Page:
In 1989-91 a wave of inter-ethnic conflicts swept through Georgia, behind which Georgian radicals saw the hand of Moscow. In fact the growth of inter-ethnic tensions could be attributed to the activists for Georgian independence, who called for policies of de-Armenianization and de-Azerbaijanization, the abolition of all autonomies, and even a state birth control programme to limit the expansion of the non-Georgian population. In 1990 the ultra-radical (later President) Zviad Gamsakhurdia elevated the idea of a mono-ethnic Georgian state into official policy. The autonomy of South Ossetia was abolished and open persecution of the non-Georgian population began.
In Abkhazia, following major clashes in 1989 between Abkhaz and Georgians, the conflict was reflected in legislation. Under the slogan of a return to the independent republic of 1918-21, Tbilisi annulled all legal acts of the Soviet period, including those on the allied status of Georgia and Abkhazia (1921) and on the autonomy of Abkhazia within the Georgian Soviet Socialist Republic (1931). In response, in August 1990, the Supreme Soviet of Abkhazia adopted a Declaration of the State Sovereignty of the Abkhazian Autonomous Soviet Socialist Republic. It declared Abkhazia a sovereign socialist state having all the power of authority on its territory except the rights voluntarily delegated by it to the USSR and Georgian Soviet Socialist Republic by the previous agreements. A war of laws followed: all Abkhazian legislation was annulled by the Georgian Government. As a result authority was increasingly paralysed in Abkhazia and Tbilisi rapidly lost control of the situation.
After Gamsakhurdia's overthrow in January 1992 the situation in Abkhazia deteriorated further . The war which broke out in 1992-93 was the peak of the conflict between Abkhazia and Georgia, characterized by the aspirations of the Abkhaz to secure their national and physical survival and by the desire of the Georgians to achieve national consolidation on the basis of their own ethnos and to create a mono-ethnic Georgian state on a territory with a multinational population and within completely artificial borders.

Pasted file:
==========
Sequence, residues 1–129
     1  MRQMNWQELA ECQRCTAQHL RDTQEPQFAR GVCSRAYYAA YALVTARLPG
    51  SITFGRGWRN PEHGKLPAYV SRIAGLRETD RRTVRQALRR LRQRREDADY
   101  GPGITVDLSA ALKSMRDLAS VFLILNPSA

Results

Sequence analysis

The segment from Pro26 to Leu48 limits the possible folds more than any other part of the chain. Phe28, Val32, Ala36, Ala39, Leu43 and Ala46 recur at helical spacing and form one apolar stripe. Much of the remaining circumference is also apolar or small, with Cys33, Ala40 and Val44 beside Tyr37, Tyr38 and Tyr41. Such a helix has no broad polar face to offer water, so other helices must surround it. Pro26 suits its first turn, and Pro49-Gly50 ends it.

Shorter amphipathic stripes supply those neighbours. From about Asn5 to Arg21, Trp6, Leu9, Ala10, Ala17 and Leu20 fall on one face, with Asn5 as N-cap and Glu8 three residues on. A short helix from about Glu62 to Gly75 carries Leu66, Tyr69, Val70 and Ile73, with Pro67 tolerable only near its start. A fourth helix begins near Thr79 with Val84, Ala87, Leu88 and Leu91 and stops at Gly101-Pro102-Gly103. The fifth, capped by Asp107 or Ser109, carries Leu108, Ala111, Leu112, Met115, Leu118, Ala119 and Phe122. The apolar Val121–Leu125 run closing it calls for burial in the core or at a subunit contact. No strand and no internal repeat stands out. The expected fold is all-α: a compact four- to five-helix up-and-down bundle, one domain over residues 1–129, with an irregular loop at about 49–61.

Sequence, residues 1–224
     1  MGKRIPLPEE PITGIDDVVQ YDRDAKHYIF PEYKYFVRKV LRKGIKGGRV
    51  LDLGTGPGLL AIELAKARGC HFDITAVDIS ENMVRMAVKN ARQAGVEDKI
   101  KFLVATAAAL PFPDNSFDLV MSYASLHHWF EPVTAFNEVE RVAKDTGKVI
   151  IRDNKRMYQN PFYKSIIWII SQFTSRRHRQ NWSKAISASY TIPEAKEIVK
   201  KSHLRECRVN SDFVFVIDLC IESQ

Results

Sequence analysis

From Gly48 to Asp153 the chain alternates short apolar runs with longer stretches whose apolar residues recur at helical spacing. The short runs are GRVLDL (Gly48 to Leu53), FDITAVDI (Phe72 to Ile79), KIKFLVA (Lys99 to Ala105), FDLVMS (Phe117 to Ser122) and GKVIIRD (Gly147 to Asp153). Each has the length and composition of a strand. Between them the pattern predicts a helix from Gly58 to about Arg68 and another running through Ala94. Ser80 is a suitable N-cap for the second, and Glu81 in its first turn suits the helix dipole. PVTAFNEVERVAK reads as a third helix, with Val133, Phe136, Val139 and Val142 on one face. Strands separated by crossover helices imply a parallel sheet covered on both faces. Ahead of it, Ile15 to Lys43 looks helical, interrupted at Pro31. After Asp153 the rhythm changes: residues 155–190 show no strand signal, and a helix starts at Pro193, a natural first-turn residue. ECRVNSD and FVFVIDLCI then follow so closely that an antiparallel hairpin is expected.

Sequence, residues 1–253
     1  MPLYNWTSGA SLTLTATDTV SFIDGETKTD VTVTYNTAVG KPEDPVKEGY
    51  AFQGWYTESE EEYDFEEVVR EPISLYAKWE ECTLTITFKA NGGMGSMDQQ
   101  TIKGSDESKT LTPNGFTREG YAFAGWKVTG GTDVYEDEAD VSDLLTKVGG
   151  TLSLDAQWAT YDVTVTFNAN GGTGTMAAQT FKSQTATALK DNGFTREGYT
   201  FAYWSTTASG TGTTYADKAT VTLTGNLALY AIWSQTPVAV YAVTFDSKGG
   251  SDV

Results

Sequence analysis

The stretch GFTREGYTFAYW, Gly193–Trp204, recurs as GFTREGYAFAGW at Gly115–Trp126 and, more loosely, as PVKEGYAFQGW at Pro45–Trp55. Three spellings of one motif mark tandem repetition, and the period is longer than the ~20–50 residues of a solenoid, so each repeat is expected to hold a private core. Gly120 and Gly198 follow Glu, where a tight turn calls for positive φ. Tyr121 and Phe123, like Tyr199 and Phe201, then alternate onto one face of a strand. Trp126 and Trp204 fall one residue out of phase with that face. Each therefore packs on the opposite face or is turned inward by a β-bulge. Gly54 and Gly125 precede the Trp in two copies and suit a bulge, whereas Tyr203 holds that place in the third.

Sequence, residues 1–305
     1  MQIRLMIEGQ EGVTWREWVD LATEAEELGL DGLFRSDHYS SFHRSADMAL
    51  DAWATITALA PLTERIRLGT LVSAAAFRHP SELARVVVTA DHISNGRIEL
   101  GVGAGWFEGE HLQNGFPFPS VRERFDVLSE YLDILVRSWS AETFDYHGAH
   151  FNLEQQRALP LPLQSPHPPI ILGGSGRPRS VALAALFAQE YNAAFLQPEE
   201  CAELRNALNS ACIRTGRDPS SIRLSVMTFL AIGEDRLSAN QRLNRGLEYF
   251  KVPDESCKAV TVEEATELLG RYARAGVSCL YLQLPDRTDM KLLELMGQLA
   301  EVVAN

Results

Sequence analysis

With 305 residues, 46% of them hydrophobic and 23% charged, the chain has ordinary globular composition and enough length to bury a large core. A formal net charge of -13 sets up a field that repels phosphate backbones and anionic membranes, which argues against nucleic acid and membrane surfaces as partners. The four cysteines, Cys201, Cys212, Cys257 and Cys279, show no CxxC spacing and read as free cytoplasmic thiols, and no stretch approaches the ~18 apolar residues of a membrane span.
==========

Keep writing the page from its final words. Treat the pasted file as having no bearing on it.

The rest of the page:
Originally Georgian propaganda justified the military intervention in Abkhazia by the need to protect the safety of the railways and to free Georgian officials taken hostage by followers of Gamsakhurdia. Realizing the absurdity of these allegations, President Eduard Shevardnadze later laid the blame for starting the war on Tengiz Kitovani, Minister of Defence for Georgia and a member of the Military Council that had overthrown Gamsakhurdia, alleging that Kitovani had ordered the army into Abkhazia without Shevardnadze's knowledge. Shevardnadze described the Georgian Army's actions in Abkhazia as intolerable: I will not even mention the inadmissible methods they used. Tanks, armoured vehicles, removal of the flag from the House of Government as if it were a foreign country . . . Much of what was done then cannot be justified and cannot be regarded as normal.
In fact there is no doubt that the Georgian-Abkhazian war was provoked not by the situation in Abkhazia-the situation there was calmer than in neighbouring Megrelia, where numerous armed gangs of Zviadists were operating-but by the situation in Tbilisi following the overthrow of Gamsakhurdia. It was probably the personal interests of the members of the Military Council (later the State Council of Georgia) that were behind the military campaign in Abkhazia. For each of them: A victory over Abkhazia could be a new important step in his political career. For Shevardnadze, however, this war could open much broader prospects. For the "new opposition he was a former opponent, a stranger; he was still a Russian citizen with a Moscow residence; his strength was the support he received from Moscow, but he could never achieve the admiration among the Georgian people that Gamsakhurdia enjoyed. For Shevardnadze therefore a war in Abkhazia was absolutely necessary without it, the consolidation of his personal power and defeat of his political opponents were inconceivable. In fact it was the war in Abkhazia that allowed him to put down public discontent in Megrelia, to strengthen his own position in Tbilisi, and to dismiss and then arrest those who had overthrown Gamsakhurdia and invited Shevardnadze himself to Georgia (for example, Djaba loseliani and Tengiz Kitovani). Thus the Georgian-Abkhazian war was the price which the population of Georgia paid for Shevardnadze's return to power.